Dear Fellow Author,
If you’re thinking of asking for reviews from friends and acquaintances you respect and trust, and who know a few things about writing and storytelling, here are ten points you might consider:
1. If friends give you an enthusiastic "yes, of course I'll review your book," best they know the length of your book. If possible, set a soft time goal that's both comfortable for author and reviewer. .
2. Sometimes the best thing a would-be reviewer can do is be straight with the author. An upfront "I wish it were otherwise, but I can't help you" is far better than an endless protraction of good intentions,
3, Take the time to explain to someone that writing is your passion, perhaps even a career, and you would greatly appreciate their feedback. It's okay to mention another obvious thing: What writer or artist doesn't need some kudos or validation, especially in a profession where one can labor largely alone and in silence for a year or two. Once published, you find yourself in survival-of-the-fittest waters, as two or three million other authors are scrambling for reviews just like you.
4. Ask the friend you're soliciting if he or she can possibly read just ten pages. If they like the story, you hope they continue, If not, it’s all okay.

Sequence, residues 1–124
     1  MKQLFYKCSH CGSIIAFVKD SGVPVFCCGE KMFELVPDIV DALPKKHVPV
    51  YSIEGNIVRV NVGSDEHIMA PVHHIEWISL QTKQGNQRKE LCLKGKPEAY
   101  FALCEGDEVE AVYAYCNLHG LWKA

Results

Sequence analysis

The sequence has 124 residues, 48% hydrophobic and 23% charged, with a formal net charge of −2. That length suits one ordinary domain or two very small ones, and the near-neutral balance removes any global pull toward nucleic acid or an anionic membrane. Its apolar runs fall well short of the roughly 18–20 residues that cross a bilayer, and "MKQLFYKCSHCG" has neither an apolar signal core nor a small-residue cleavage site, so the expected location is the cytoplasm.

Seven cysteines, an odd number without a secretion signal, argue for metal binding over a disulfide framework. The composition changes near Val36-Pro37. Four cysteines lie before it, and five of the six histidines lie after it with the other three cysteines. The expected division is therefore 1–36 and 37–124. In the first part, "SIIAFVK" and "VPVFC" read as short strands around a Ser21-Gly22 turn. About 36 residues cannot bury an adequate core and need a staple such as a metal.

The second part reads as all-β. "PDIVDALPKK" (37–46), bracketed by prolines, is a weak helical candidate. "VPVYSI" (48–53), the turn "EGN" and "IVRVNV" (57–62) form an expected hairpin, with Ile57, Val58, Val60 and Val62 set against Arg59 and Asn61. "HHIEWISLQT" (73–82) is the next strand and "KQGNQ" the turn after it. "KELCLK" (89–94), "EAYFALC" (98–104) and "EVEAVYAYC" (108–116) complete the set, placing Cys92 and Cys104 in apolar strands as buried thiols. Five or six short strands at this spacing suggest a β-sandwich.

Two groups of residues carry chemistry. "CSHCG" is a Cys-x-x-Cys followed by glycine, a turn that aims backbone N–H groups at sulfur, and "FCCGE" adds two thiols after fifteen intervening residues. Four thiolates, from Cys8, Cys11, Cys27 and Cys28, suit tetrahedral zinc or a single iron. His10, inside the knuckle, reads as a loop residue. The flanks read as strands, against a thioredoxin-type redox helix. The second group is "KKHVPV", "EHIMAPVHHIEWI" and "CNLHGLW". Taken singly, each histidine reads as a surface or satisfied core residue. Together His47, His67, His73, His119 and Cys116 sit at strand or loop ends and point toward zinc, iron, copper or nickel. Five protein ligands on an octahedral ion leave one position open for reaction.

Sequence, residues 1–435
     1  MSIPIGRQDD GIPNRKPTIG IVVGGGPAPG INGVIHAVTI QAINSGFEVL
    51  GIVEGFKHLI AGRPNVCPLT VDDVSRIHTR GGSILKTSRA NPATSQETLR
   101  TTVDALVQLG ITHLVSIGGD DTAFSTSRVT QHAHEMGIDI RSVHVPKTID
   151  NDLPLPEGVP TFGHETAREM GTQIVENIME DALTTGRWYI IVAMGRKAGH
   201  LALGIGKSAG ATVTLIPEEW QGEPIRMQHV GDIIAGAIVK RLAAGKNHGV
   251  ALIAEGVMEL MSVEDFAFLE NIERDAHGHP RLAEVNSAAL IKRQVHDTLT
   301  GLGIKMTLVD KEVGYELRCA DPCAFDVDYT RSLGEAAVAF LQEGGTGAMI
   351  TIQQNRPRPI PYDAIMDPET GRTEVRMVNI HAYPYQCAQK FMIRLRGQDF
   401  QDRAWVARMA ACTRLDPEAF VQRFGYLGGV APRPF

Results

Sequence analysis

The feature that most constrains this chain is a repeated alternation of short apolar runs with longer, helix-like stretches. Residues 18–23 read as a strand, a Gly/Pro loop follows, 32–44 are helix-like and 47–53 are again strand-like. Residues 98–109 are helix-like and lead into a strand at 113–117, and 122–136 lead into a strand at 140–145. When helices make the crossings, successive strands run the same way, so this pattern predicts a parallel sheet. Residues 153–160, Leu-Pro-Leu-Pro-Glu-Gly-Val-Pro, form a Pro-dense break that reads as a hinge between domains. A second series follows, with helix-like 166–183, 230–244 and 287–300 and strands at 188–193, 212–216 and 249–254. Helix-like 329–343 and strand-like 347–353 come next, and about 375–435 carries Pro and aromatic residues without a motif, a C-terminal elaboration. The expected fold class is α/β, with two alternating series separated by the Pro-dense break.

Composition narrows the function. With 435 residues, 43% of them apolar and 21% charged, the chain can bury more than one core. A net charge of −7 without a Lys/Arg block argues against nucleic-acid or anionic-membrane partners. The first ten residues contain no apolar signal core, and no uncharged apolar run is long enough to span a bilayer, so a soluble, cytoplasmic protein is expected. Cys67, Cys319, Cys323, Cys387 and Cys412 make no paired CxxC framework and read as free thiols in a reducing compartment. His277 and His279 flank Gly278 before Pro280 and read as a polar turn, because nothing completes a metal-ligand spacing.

5. If the moment feels right, remind your friend a book is your investment in yourself and your talents. You want to. be taken seriously, without being considered pushy or begging.
6. Tell friends they don't need impeccable writing or grammar skills to complete a review, Two or three sentences should make you happy, as long as they're honest words.
7. You might offer your friends a topic or two that other reviews haven't
covered. Suggest they share their opinions about your main character, for example, or how your surprise ending worked or didn’t work for them.
8. If you do receive a review on Amazon, Goodreads, or wherever, thank them. He or she took time out of their busy lives for you.
9. Be reluctant to ask anyone in your immediate family to review your book. Unless your relationship is exceeding strong and open, it can backfire.
10. I know writers who make the mistake of 'nudging" potential reviewers who haven’t had time to digest the book. Your friends usually don't need a reminder. There could be many reasons for a delay, and they may not have anything to do with your book.
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Michael R. French
Michael French is a graduate of Stanford University and Northwestern University. He is a businessman and author who divides his time between Santa Barbara, California, and Santa Fe, New Mexico.
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